HH The Stock Market Is Not The Proper Measure Of Politicians

Whether Trump boasts over how well the stock market has done over his tenure, or Bloomberg notes how little the stock market has done over the last few years, both are wrong in placing emphasis on the stock market as a guide to evaluating a President or Congress. Why wrong? A number of reasons:

Time Measurement Problems

Though it is lost to the computer system at the Street.com, in the Columnist Conversation, we once had a discussion over Presidents and the stock market. Measured by the inauguration date, I provided a total return figure for each president back to FDR. Then we all proceeded, myself included, to explain why it was wrong.

Assuming a president does have a permanent effect on the market, when does it start and end? Markets are discounting mechanisms, and the changes in likelihood of being elected prior to the election might affect the market, as might the actions of the existing president, even if he is not on the ballot. How to separate those would be a challenge. Perhaps in hindsight, we could make guesses when the eventual winner first polls over a majority of electoral or popular votes, but there would be troubles with this as well.

For another example, consider when a President is polling so badly that the market concludes he is a lame duck, and they expect the next president will be better or worse for the market. Who gets that performance?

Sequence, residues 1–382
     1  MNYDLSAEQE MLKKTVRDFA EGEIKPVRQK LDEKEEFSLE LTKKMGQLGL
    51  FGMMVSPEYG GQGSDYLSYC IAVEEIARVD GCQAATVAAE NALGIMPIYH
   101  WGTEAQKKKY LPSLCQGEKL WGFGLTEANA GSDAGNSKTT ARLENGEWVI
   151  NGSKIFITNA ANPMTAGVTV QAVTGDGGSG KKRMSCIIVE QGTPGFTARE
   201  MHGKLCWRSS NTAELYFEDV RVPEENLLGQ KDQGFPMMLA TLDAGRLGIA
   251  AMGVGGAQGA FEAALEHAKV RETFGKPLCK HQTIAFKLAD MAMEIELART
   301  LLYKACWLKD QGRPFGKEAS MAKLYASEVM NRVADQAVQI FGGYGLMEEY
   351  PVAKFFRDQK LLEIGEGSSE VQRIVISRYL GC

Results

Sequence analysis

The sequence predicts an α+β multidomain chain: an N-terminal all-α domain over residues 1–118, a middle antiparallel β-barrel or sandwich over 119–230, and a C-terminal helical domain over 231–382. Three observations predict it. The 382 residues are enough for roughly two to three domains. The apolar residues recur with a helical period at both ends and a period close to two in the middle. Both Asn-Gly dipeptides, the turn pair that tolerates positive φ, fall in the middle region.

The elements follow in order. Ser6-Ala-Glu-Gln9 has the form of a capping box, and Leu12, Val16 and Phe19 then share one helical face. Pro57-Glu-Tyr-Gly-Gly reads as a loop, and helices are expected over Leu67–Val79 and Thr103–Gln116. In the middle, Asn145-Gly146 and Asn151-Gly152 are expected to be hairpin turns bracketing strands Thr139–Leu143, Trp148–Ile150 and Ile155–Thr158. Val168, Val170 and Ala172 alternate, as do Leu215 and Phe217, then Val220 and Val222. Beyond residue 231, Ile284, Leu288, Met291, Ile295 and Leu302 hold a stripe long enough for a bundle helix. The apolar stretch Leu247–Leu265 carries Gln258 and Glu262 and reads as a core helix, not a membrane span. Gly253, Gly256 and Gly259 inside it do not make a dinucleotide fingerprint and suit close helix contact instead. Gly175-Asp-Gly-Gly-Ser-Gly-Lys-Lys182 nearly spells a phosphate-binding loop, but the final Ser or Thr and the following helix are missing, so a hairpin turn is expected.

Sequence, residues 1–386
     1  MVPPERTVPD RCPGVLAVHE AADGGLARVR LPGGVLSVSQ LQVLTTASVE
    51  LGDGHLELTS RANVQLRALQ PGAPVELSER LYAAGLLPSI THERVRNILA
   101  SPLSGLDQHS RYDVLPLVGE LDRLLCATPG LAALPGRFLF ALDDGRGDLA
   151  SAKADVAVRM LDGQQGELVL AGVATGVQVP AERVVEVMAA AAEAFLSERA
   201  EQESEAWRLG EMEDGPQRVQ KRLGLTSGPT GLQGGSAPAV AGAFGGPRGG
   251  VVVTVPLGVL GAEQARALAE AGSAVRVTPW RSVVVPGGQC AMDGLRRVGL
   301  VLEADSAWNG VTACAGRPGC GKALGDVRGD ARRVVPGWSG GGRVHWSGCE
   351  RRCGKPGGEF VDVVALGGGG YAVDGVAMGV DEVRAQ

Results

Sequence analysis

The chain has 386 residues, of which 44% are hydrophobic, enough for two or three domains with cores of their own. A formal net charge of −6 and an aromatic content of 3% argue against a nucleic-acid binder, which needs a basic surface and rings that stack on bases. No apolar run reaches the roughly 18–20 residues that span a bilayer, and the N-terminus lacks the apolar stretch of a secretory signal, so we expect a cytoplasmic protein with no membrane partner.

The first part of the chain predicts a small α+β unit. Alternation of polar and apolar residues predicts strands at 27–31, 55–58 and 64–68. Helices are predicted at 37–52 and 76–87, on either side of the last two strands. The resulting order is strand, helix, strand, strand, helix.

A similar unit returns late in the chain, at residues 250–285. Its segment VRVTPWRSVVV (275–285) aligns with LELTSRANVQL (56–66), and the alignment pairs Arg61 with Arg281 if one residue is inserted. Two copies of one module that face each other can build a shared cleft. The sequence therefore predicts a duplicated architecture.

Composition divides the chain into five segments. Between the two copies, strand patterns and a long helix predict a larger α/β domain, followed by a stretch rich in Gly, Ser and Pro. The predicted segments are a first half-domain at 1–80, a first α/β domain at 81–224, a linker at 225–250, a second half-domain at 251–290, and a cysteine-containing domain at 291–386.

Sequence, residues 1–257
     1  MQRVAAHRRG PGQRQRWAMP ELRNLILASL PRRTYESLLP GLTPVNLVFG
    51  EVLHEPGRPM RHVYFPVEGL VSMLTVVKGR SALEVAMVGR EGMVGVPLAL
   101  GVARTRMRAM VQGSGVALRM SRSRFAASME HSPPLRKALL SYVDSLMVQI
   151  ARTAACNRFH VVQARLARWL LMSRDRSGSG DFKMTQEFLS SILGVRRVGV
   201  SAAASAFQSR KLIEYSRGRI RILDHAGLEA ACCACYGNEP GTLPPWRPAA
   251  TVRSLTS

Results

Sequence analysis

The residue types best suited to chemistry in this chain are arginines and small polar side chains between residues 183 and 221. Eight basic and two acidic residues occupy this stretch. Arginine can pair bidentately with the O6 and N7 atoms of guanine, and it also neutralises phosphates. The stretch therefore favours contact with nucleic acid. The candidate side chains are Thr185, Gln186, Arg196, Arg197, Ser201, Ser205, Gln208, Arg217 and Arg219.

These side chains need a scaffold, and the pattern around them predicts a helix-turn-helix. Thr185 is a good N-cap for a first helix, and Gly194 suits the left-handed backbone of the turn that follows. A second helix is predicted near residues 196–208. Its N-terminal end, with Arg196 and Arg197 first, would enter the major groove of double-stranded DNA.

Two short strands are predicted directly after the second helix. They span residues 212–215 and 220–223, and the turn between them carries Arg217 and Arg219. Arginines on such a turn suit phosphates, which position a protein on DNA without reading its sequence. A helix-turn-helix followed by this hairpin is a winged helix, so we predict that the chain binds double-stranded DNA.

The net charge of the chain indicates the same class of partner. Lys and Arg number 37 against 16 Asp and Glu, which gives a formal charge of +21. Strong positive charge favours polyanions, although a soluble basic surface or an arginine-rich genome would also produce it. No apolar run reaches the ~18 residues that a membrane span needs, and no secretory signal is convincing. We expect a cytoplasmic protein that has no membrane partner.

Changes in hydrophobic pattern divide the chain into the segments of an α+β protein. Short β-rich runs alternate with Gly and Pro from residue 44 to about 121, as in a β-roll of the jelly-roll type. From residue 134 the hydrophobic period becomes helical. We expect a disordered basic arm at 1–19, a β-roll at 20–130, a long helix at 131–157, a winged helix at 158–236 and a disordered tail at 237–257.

Photo Credit: ¡Yiyo! || Politicians as a group are mortal; they might move the market in the short run, but in the long-run they have no impact

Difficult to Separate President from Congress, and the Fed as well

The president isn’t the only actor that affects economic policy. Congress can propose its own agenda if it is united. It can help and/or hinder the agenda of the President.

Some analysts make a lot over a divided government, were neither of the main parties has full control. Divided governments come in two flavors: cooperative and hostile. Nixon, Reagan, and Clinton were able to get a lot done in a divided government. For Obama and Trump, the hostility between the parties inhibited getting many new bills passed.

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